2016 NCAA Tournament: Beware of the Bracket-busters
As the 2016 NCAA Tournament begins today, so begins the tears and frustration of everyone who filled out the “perfect bracket.” You know how the story goes. You think to yourself, “Mercer could never beat Duke,” and then they do. There goes your perfect bracket. Here’s your last chance to rethink some of those “this could never happen” games, and find out who the real contenders are in this years tourney.
Possible Bracket-busters (Teams who will make you light your bracket on fire this year. Or break your phone. Please don’t break your phone.)
(11) Wichita State
For those of you familiar with the NCAA Tournament and having your bracket busted often, you should know about the Shockers by now. For those of you who are new to this whole March Madness thing, it’s time to learn. This will be the 5th straight season Wichita State has made the tourney. Out of those 5 years, the only time they lost in the first round was 2012 against VCU. In 2013, the Shockers literally shocked the nation (pun intended), pulling off upsets against Pittsburgh, Gonzaga, and Ohio State to make it to the Final Four as a 9-seed. In 2015, Wichita State defeated Indiana and Kansas as a 7-seed before losing to Notre Dame in the Sweet Sixteen. Here’s my point: Wichita State is a dangerous team when it comes to the NCAA Tournament. The Shockers handled Vanderbilt by 20 in their play-in-game Tuesday night, giving a fair warning of what could be coming. Wichita State is led by senior guards Ron Baker and Fred VanVleet, who are both averaging double-digits and do a great job of distributing the basketball. The Shockers are a legitimate bracket-buster threat as they would face the South Region’s 2 and 3 seeds should they keep winning. Beating Arizona, Miami, and Villanova would take Wichita State right back to the Elite Eight, where they’d get their best shot at Kansas.
(14) Stephen F. Austin
The Lumberjacks’ method of bracket-busting would be a whole lot easier than Wichita State’s. All they have to do is win their first round match-up against 3-seed WVU to destroy a lot of brackets. ESPN’s Bracket Challenge shows that 77% of people chose WVU to beat Stephen F. Austin. I even have the Mountaineers going to the Elite Eight, and their road might not stop there. The Lumberjacks didn’t lose a single Southland game this season, going 18-0 in conference play. Stephen F. Austin might be one of the only teams that can effectively counter the widely-known full-court press of West Virginia. The Lumberjacks have a press of their own, and they can do something that WVU has really struggled with at times, score. SFA is shooting over 50% from two-point range and 37% from three-point range, allowing them to really spread the defense out. Their only real setback? Rebounding. Stephen F. Austin has a much smaller lineup than WVU’s, and will without a doubt have a hard time grabbing offensive and defensive rebounds against the Mountaineers.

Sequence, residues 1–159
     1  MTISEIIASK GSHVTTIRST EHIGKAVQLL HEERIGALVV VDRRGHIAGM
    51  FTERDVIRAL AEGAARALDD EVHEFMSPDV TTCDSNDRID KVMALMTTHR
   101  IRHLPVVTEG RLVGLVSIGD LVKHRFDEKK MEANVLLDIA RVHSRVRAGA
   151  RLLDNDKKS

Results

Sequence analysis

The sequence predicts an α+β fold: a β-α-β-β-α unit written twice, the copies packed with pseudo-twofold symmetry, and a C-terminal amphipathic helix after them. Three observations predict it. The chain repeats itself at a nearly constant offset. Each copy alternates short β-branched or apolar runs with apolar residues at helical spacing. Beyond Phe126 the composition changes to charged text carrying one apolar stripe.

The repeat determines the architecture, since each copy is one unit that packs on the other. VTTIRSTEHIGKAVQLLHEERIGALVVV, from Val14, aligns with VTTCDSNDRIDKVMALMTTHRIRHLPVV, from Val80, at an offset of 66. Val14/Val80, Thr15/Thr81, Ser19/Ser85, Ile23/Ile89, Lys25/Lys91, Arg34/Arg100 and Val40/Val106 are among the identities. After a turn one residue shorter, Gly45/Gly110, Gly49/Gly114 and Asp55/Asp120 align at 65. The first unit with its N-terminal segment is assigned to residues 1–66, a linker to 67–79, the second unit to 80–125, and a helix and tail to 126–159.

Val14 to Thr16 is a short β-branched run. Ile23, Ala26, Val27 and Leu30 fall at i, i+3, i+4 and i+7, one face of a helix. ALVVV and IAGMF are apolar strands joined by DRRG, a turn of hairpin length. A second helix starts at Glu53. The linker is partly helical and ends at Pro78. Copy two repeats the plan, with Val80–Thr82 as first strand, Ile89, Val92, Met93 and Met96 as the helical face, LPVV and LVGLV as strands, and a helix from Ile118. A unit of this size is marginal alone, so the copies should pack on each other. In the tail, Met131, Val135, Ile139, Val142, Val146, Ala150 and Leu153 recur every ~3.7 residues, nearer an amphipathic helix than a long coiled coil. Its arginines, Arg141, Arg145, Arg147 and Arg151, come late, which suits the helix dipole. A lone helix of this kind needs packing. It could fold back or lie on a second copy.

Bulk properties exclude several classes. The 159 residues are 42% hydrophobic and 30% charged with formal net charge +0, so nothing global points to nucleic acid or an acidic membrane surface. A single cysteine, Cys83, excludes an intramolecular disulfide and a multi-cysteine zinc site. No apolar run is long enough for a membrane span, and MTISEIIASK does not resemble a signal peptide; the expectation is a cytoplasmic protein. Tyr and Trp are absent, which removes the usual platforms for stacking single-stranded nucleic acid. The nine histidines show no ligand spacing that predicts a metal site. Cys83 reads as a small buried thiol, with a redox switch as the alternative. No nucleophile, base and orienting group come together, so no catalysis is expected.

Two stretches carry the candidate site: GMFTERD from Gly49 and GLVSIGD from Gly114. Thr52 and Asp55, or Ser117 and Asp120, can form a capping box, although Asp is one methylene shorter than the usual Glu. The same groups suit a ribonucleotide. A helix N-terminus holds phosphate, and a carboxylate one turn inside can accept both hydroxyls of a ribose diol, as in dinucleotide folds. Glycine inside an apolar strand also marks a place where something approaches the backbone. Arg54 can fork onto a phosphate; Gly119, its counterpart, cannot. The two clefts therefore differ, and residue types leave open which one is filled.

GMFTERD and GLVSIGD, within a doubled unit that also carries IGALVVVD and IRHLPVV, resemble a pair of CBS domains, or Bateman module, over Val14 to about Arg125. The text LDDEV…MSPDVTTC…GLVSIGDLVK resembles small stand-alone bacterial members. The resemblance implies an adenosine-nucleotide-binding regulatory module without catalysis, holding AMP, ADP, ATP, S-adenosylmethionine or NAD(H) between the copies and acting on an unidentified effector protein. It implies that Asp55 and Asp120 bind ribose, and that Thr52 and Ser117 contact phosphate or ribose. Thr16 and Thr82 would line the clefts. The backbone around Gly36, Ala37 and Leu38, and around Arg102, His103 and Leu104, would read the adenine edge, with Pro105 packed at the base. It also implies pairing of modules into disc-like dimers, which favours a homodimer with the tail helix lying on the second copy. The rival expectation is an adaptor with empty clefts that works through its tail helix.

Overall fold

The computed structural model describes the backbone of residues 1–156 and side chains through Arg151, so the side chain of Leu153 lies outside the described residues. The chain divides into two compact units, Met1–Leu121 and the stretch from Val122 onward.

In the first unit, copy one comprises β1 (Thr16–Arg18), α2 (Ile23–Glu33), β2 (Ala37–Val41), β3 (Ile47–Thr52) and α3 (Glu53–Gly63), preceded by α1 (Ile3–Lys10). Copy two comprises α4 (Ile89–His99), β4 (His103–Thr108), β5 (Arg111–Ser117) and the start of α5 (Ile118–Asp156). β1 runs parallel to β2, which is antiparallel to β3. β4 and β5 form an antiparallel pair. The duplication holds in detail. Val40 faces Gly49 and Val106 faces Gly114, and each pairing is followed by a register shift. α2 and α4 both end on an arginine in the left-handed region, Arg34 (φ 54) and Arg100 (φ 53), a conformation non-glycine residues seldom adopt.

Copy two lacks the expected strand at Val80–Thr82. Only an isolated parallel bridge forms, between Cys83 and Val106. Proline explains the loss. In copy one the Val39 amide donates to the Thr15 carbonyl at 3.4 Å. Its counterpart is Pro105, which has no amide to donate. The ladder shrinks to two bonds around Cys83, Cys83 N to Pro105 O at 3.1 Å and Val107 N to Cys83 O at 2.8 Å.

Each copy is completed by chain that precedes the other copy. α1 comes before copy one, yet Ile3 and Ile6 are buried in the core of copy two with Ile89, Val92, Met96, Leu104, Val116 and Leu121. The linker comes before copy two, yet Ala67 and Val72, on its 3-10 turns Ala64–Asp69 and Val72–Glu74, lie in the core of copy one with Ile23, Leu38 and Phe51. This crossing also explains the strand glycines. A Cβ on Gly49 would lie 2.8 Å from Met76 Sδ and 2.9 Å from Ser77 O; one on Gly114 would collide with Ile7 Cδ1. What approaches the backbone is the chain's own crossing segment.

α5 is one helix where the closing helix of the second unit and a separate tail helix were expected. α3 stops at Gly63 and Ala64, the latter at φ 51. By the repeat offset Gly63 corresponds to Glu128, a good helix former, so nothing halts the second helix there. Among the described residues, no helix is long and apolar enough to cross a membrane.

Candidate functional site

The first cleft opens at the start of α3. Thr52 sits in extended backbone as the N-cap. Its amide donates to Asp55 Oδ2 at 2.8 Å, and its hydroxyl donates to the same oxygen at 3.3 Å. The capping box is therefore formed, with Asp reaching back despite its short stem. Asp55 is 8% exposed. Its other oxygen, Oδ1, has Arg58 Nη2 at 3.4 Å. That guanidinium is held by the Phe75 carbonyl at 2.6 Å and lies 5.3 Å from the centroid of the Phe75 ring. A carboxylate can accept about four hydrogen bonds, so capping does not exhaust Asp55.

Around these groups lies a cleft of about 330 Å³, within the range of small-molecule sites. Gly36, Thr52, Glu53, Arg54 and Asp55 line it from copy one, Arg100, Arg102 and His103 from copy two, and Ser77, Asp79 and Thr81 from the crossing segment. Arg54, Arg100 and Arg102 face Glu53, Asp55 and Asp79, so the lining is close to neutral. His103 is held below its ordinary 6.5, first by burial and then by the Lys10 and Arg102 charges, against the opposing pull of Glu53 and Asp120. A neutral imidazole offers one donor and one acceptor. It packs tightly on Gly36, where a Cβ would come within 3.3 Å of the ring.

The Bearcats are coming off a loss to Connecticut in the AAC Tournament game, but that shouldn’t have much impact on their momentum. Cincinnati’s worst loss this year was by 10 points to Xavier, a 2-seed in the East Region. The Bearcats have one of the best defenses in the nation, holding opposing teams to an average of just 62.9 points per game. If they can upset 8-seed Saint Joes, Cincy will face 1-seed Oregon in the second round. Now if you’re like me, it’s difficult to think of Oregon as a top seed, especially since they were an 8-seed in the 2015 NCAA Tournament. This Cincinnati/Oregon match-up sends off the upset sirens in my head. The Ducks win games by their ability to score quick and win the turnover battle. Winning the turnover battle against the Bearcats will be a seemingly easy task, but scoring quickly is going to be an entirely different story. Cincinnati Head Coach Mick Cronin is known for the intense defensive gameplay he has established, causing some of the best offensive teams in the country to lose focus. Oregon might be the first 1-seed headed home in 2016.